But we have this treasure in jars of clay, to show that the surpassing power belongs to God and not to us.

. . . and a few verses later . . .

So we do not lose heart. Though our outer self is wasting away, our inner self is being renewed day by day. For this light momentary affliction is preparing for us an eternal weight of glory beyond all comparison, as we look not to the things that are seen but to the things that are unseen. For the things that are seen are transient, but the things that are unseen are eternal.

Those words meant much more to me when I was monitoring a beautiful, fragile jar everyday.

I saw the weakness of this flesh we are given. I’m reminded still of how easy it is for the jars to be broken, unmendable, beyond earthly repair. But in those who have found something to live for besides this life, there is an undeniable light – a treasure. And it can’t be hidden. No, this treasure is actually made brighter as the vessel weakens. It’s a beautiful mystery.

After the auction I brought home the blanket – my feeble attempt at helping out a friend in need. By the time I woke the next morning, Claire had already harnessed its baby-warming powers for her beloved doll with the big cartoon eyes that open and close and the yellow plastic hair molded into spunky pig tails. Specifically, it’s the doll she calls her Baby Alive.

We don’t know, I suppose, how long these vessels will hold up under the weight and pressure of a corrupted and spoiled world. But it is the treasure that holds the promise, not the jar. This is the treasure of God’s expansive and perfect plan to make everything right someday. And that truth is never more appealing than when everything seems to be going very wrong. That’s when the weakness allows us see the treasure more clearly. We need it more. We long to be wrapped up in its life-giving truth. It’s the gift of the beautiful, fragile jar.

 

 

Changing Things Up

 

 

We love pizza around here but we’re trying to eat a little more consciously. Not to get all crazy about it, but we want to help the kids develop healthy habits. This tasted so fresh and light. Super easy recipe: bake refrigerated pizza dough, mix dry ranch seasoning into light mayo and spread on cooled crust, top with cooked turkey bacon, chopped lettuce and tomatoes.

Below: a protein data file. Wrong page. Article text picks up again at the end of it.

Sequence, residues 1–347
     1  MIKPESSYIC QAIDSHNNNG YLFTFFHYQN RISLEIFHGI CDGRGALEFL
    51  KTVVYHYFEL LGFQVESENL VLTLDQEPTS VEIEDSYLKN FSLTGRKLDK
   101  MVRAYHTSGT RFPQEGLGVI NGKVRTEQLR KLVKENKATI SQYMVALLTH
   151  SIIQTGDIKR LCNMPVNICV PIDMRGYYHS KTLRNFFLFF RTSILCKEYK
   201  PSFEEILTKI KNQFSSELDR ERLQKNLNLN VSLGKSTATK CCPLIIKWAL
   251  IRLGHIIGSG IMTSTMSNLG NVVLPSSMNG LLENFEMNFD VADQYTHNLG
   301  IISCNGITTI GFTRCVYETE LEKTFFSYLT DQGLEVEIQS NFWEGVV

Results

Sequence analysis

Maybe you’ll be inspired to try it.

We’ve re-discovered joy in our evening routines lately. Dan is cooking earlier meals and we’re having time to settle in for a real time of conversation and fellowship around our tall table. As a result, the kids are moving toward bed at a slower and less stressful pace.

Meanwhile, Dan and I are actually practicing some of our Dream Year lessons and the effect on our family is positive. I’ve been blogging five times a week now for about six weeks. Our evening tv watching is way down, and, big surprise, we’re actually producing instead of consuming. It’s a good feeling. (Speaking of Dream Year, if you are available June 3-5 and could get to Washington, D. C., you should attend the next Dream Year weekend. Highly recommended as a jump start for taking real action toward your next step in life.)

Now, about being productive. Since I’ve proved to myself that I can write a little bit every night, I’m ready to dive into some non-blog stuff. Brave, I know. I’m not assuming that you are waiting around hanging on my every word, but I’m wondering if you would have a preference for regular posting days if I cut back to two posts a week? Like Monday mornings? What about Saturdays – it seems like no one blogs on the weekends? Or do you even care if it is the same days? Thoughts? Now that I’m used to writing a little every night, I’d like to transfer some of my blogging time into other projects as well.

I’m all about small changes that I can live with. Made any good ones lately?